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An interview with... Andrea Petkovic

Monday 02 June 2014
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 Q.  What a shout in the end.  You were so happy?
    ANDREA PETKOVIC:  Yeah, I was really relieved that I picked myself up after I was up 4 2 in the third and I started playing a little passively.  I wasn't going for my shots anymore.  I was sort of hoping that she's gonna miss.  She's too good for that.
    After going down 5 4 in the third, I just sort of told myself, Okay, listen, you have to play aggressive.  You have to go for your shots, and nobody's going to give you the quarterfinals just because you're nice (smiling), so go gain it.
    I started playing more aggressively.  It paid off in the end.

    Q.  So much of your tennis in the last two or three years has been trying to get back to where you were.

    Q.  Does this feel like you've achieved that?
    ANDREA PETKOVIC:  No, not yet.  I feel like I still have a long way to go, and I'm still not as consistent as I used to be.  There are still a lot of things that I need to learn and still a lot of things that need to come back that are gone now.
    After all my injuries, it's been a very long time that I was out.  You sort of forget, especially mentally, you sort of forget a lot of things.
    Now it's a process.  It's a process.  I'm still not there where I want to be.  It's a long way to go.  Nowhere near the end.

    Q.  Still, you must be pretty happy?
    ANDREA PETKOVIC:  I'm happy.  I'm very happy.  I'm relieved.  But also happy.  It was super tough, because I didn't know her at all.  I just stalked her on YouTube yesterday the whole day, and I was already impressed yesterday.
    I saw her match against Ana in Australian Open, and I think she played super well.  I think she's gonna be a force on the WTA when she gets fitter and recovers from her injuries that she's had.
    She has amazing strokes, really good serve.
    I wasn't surprised, but, you know, it's always tough when you are the huge favorite and everybody expects you to win and then you have a super tough opponent.  I'm relieved and very happy.  It's nice to be back at the quarterfinal stage.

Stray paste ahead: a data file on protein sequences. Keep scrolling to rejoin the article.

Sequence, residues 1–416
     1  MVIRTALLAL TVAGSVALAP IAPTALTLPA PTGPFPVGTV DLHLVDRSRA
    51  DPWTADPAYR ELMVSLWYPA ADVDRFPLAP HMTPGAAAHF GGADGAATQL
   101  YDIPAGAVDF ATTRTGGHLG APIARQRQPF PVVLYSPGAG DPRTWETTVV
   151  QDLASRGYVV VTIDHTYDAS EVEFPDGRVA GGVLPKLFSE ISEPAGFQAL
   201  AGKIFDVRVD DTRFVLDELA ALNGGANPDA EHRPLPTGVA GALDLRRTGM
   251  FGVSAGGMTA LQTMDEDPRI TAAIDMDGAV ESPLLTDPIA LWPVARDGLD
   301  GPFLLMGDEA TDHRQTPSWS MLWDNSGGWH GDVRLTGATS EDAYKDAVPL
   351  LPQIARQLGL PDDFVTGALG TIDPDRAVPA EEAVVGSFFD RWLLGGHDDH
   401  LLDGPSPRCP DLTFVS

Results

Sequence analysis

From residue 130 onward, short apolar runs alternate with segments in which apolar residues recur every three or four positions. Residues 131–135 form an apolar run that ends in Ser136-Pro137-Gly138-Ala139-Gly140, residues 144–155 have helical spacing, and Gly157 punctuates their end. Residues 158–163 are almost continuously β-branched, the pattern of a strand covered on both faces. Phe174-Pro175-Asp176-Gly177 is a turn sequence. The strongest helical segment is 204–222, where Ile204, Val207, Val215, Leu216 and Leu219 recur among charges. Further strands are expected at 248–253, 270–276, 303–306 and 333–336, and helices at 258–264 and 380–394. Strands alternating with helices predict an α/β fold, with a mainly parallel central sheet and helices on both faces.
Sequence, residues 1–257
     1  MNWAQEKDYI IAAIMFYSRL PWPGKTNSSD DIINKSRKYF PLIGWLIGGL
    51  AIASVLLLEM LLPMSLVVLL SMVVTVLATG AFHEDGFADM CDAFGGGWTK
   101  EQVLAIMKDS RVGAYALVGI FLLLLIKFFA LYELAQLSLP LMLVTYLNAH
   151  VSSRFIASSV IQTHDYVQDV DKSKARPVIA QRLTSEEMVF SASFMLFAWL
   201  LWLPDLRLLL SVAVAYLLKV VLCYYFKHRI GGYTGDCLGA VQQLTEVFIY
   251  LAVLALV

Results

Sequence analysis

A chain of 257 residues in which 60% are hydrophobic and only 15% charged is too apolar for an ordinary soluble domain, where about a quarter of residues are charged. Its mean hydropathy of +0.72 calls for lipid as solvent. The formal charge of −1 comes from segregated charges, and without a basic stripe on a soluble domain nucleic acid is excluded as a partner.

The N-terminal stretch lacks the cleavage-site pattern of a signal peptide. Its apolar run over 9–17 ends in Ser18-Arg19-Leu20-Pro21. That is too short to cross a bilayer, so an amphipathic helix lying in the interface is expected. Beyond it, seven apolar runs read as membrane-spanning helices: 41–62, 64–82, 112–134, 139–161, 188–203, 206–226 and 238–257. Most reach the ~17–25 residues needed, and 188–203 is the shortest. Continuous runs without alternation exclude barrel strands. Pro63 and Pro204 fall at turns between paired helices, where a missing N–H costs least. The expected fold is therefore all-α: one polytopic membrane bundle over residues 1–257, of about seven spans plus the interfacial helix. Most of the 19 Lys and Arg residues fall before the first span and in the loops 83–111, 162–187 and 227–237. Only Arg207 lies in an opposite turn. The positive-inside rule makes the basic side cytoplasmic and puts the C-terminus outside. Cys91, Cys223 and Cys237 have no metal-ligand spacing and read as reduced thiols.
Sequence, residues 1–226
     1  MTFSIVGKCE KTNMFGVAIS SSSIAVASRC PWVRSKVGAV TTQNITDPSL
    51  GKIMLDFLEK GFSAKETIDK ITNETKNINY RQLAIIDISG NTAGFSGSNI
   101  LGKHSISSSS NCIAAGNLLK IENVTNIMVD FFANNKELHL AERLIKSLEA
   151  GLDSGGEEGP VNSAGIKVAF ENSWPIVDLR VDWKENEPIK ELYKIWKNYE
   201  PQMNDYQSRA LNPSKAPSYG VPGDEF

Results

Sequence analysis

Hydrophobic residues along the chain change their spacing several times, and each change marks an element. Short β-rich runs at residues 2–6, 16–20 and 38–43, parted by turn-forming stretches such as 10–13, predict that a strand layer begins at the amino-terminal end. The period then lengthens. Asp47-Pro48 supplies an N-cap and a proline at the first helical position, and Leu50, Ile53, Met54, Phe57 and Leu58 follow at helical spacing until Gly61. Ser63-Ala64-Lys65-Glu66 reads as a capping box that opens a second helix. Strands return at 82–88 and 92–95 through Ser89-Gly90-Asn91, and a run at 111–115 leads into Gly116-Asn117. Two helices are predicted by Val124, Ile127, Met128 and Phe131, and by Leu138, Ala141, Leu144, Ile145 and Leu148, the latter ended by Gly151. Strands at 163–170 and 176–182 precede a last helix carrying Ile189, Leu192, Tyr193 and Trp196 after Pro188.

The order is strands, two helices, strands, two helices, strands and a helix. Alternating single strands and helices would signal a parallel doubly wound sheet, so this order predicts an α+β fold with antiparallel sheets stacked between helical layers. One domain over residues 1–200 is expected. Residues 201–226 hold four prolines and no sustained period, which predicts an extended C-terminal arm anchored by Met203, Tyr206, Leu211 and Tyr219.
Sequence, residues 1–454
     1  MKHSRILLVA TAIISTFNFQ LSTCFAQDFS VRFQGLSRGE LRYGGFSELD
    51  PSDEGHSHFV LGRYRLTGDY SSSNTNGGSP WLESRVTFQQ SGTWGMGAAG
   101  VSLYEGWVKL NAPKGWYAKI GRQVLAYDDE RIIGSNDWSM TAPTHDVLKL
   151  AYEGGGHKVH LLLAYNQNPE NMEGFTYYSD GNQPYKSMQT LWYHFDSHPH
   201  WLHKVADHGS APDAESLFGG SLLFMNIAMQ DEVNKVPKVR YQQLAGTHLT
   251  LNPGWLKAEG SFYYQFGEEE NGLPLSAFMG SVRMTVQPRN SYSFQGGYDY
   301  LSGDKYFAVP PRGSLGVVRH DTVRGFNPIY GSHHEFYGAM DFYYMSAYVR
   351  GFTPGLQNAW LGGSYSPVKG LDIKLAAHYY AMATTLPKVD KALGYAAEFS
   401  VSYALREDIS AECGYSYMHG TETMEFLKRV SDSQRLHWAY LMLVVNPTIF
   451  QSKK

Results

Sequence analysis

Q.  Have you ever thought if an opponent wanted to stalk you on YouTube and saw you dancing?
    ANDREA PETKOVIC:  They wouldn't find a lot of tennis, I guess (smiling).  They would stalk me and see me being weirdly dressed and do stuff, which is also nice.

    Q.  You mentioned on the court philosophy and literature.  Obviously you're in a country famous for philosophers.  Two questions:  Which philosopher has made the biggest impression on you?  And also the second one, which writer?  Which author?
    ANDREA PETKOVIC:  Well, I have two favorite authors.  One is Goethe, which is our    well, for me, the greatest genius with words.  Unfortunately, if you cannot speak German, it's not so easy to appreciate that.
    And David Foster Wallace is the other one that I just started reading actually a couple of months ago and I'm totally amazed by him.  I think he's one of the greatest.
    Philosopher wise, Friedrich Nietzsche is the one that impressed me most.  I don't necessarily agree with everything he says and it's very dark and sad, but he was a good writer, too.
    I actually really liked the existentialists in French.  I read a lot of Sartre and Camus.  Yeah.

    Q.  You talked about the dancing.
    ANDREA PETKOVIC:  Did I?  When did I talk?

    Q.  So much of it on YouTube.  Are you a different player in the way you celebrate your wins these days compared to a few years ago?  Used to be quite a carnival at the end of your matches.  Are you a little bit more grown up about it now?
    ANDREA PETKOVIC:  I think so, maybe.  But also I just didn't feel like dancing anymore.  It was something that was forced upon me    nothing is forced upon me.  I choose to do things, right?
    But it's just that I did it.  It was a bet in the beginning.  I did it because I was happy after the matches.
    But then it sort of got out of hand, because sometimes I played bad matches.  I didn't feel like dancing.  But people were coming just to see the dance.  They were like, Andrea, dance, dance.  Then I sort of did it to don't disappoint the people.
    It wasn't a thing it used to be.  It wasn't a happy, spontaneous thing.  It was something I needed to do somehow, and that was not what it was all about.
    Also, yeah, I was 20 when I did it, or 21.  So now I'm old.  I'm moving straight towards the 30s.  Can't be dancing when you're 30 anymore (smiling).

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